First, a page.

Hand to Hand

My nephew and I are on the carpet in his room. His olive-green plastic toy soldiers are lined up against mine. He has nine with their long guns at ready.

one soldier

“Maybe this war is over,” he says, “but want to play again tomorrow?”

Well not exactly ready. The guns are pointed up towards the wall. I have fourteen soldiers, all in the same stance, their guns at the same angle. In between our two armies is a jumble of small toy cars of all makes and colors, piled up high. If one of our troops shot his rifle, he would hit the cars but not the opposing army.

“What’s going on?” I ask Adam.  “Is this war? My army is sure to win this battle because I have fourteen soldiers and you only have nine.”

While Adam and I talk, my soldiers are waiting for the go-ahead from their sergeant. In the meantime, Adam is reaching into the box that contains more plastic soldiers. He grabs four that are crouching and sets them in front of his line of troops. Then he grabs seven running soldiers and places them on either side of his battle line. After his grab, he has twenty soldiers and there are none left in the box to join either army in this war.

Adam says, “Who will win this war now?  My army is much bigger than yours.”

I say, “I’ve got strategy on my side.”

Adam and I talked about strategy before we started this game. I told him that strategy is a plan for how to win a war and requires thinking before taking action. I said that sometimes a smaller army can win over a larger army by using strategy. I said, “Each soldier might not start moving or shooting or running until he knows where his army-buddies are going and whether their actions will make them win the war.”

Three of his soldiers with their long guns are now climbing on the cars and my soldiers’ guns are angled upward, aiming right at his men.

“Bang, bang, bang,” I say as I knock them down. Two more soldiers climb the barricade and get shot.  I push them down along with some of the cars.

“Five are dead,” I say.  “Now what?” I challenge him.  A few more cars topple over and the car-barricade is not as high.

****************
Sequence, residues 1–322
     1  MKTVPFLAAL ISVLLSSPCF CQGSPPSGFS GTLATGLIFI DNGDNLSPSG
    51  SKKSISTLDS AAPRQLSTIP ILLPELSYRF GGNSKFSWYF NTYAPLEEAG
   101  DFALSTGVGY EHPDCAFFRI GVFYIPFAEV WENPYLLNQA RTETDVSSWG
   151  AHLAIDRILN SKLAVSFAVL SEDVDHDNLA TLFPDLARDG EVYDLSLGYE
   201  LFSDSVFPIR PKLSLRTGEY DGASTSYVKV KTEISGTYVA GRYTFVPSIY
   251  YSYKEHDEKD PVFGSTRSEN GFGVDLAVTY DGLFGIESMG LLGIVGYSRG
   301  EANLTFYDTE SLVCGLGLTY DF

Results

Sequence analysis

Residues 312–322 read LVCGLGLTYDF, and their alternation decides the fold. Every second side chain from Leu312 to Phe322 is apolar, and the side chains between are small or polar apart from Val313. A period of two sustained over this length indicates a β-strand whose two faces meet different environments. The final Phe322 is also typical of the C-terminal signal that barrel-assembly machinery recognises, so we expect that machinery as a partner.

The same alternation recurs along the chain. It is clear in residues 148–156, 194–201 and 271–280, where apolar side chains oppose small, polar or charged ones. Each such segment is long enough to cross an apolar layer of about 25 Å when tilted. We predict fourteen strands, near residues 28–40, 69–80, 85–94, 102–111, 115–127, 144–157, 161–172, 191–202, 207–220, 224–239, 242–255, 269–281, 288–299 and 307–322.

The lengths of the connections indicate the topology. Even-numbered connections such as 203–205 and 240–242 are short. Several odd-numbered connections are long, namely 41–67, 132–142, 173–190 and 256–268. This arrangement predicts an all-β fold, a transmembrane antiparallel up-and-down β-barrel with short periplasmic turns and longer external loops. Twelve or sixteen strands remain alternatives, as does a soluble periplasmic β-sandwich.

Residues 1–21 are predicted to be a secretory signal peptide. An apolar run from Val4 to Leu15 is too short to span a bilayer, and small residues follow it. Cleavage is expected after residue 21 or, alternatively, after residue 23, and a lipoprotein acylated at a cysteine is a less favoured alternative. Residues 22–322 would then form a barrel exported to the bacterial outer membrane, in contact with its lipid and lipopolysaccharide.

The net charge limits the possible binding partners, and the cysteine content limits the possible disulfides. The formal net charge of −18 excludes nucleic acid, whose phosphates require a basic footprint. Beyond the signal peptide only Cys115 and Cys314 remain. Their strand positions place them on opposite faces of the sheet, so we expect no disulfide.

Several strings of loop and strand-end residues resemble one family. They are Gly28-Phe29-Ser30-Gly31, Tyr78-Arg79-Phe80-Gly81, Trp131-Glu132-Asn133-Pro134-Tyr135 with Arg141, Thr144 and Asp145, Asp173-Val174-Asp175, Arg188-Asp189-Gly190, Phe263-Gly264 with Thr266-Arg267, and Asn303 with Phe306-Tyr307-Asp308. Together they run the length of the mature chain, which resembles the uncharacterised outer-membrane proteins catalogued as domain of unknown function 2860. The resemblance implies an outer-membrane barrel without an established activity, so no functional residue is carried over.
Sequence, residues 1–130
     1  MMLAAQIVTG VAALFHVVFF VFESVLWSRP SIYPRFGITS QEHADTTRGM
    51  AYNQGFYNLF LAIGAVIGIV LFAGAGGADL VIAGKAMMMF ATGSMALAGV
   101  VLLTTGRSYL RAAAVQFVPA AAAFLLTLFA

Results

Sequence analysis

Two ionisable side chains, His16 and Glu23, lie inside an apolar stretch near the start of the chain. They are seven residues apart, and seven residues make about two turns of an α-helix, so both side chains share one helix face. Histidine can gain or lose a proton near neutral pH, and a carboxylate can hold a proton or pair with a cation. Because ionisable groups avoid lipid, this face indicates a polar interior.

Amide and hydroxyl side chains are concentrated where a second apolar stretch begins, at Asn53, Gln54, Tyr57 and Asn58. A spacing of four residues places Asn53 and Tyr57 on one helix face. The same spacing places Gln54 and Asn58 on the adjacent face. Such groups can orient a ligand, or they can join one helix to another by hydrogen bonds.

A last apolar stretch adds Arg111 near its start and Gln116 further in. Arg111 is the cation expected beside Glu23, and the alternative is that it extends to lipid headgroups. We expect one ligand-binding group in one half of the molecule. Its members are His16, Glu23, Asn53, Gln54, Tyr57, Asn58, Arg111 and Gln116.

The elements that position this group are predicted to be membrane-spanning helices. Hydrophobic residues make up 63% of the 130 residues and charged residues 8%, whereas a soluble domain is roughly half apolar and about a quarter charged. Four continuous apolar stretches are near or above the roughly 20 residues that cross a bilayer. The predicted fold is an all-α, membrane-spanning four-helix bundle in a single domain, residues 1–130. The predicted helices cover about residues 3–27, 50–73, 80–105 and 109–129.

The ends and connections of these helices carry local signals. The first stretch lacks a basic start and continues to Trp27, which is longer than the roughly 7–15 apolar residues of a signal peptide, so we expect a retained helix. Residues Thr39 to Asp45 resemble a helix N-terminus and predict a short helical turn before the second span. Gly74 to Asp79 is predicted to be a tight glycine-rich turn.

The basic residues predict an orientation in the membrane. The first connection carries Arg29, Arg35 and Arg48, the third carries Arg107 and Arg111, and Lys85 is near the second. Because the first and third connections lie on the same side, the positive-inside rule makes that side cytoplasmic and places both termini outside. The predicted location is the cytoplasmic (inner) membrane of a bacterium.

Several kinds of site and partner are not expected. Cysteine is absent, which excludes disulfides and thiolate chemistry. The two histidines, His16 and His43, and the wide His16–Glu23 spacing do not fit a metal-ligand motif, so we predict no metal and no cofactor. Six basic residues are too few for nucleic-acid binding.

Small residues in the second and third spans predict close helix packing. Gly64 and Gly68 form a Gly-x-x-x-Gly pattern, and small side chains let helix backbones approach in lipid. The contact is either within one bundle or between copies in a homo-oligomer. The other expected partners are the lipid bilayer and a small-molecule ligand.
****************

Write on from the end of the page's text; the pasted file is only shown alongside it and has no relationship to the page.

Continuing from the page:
His running soldiers move around to the side of the barricade.

“Bang, bang, bang, bang” he says and topples over four of my soldiers. I straighten out the guns held by some of my soldiers so they are level with his running soldiers and just like that, four of his running soldiers are down. Adam backs up the ones that are left and they join his army behind the few remaining cars.

All is quiet for a moment.  I say, “Let’s count our troops.” He has eleven. I have ten.

The barricade is now about even with the crouching soldiers.  Our armies face each other straight on. Adam pushes his army towards mine. I push my army towards his and moveable guns fall out of the soldiers’ stiff arms.

All that is left is a pile of soldiers, scattered guns and a few cars. “Now for the hand-to-hand combat,” I say.  Except we can’t tell which soldier belongs to whose army.

“What’s the strategy now?” Adam asks.

“I’m hungry.” I say. “Let’s see what’s in the kitchen for lunch.”

Just like that we leave the war front. Later, after lunch, we line up the cars by color and size. We return the soldiers to their box and the war is over.

“Is it peace?” I ask Adam.

“Maybe this war is over,” he says, “but want to play again tomorrow?”

“Sure.” I say.

Years later, Adam goes to college and takes two classes on war.

Now in his thirties, he is a researcher at an organization whose mission is to protect refugees, advocate for victims of torture, and defend persecuted minorities. Military generals are on the organization’s board.

When I visit my sister, I sleep in Adam’s childhood bedroom. I always check out the books from the college classes he took on war. And I think, if only the books described war as ancient history. If only war could be a game, played on the carpet in a child’s bedroom and could be resolved before lunch.

Betsy Fuchs is the author of the prayer memoir Pulling the Pieces into Prayer: And Bringing Their Blessings into a Jewish Life (or Any Life) and features prose poetry, photography and other writing experiments at her blog, http://betsywblog.blogspot.com/.